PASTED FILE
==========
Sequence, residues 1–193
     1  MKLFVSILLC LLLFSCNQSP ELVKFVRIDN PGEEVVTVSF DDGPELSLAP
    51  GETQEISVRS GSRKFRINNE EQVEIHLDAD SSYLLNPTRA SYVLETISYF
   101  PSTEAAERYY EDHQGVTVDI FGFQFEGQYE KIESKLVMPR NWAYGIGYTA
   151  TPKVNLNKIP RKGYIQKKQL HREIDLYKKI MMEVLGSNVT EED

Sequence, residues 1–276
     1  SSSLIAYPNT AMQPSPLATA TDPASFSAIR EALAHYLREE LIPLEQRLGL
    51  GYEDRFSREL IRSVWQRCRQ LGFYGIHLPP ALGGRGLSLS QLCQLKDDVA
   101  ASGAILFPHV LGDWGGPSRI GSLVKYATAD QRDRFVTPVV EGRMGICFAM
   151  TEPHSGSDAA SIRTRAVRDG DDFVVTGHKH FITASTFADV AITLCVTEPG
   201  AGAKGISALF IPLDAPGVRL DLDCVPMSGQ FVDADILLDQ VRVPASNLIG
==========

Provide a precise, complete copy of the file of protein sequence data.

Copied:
Sequence, residues 1–193
     1  MKLFVSILLC LLLFSCNQSP ELVKFVRIDN PGEEVVTVSF DDGPELSLAP
    51  GETQEISVRS GSRKFRINNE EQVEIHLDAD SSYLLNPTRA SYVLETISYF
   101  PSTEAAERYY EDHQGVTVDI FGFQFEGQYE KIESKLVMPR NWAYGIGYTA
   151  TPKVNLNKIP RKGYIQKKQL HREIDLYKKI MMEVLGSNVT EED

Sequence, residues 1–276
     1  SSSLIAYPNT AMQPSPLATA TDPASFSAIR EALAHYLREE LIPLEQRLGL
    51  GYEDRFSREL IRSVWQRCRQ LGFYGIHLPP ALGGRGLSLS QLCQLKDDVA
   101  ASGAILFPHV LGDWGGPSRI GSLVKYATAD QRDRFVTPVV EGRMGICFAM
   151  TEPHSGSDAA SIRTRAVRDG DDFVVTGHKH FITASTFADV AITLCVTEPG
   201  AGAKGISALF IPLDAPGVRL DLDCVPMSGQ FVDADILLDQ VRVPASNLIG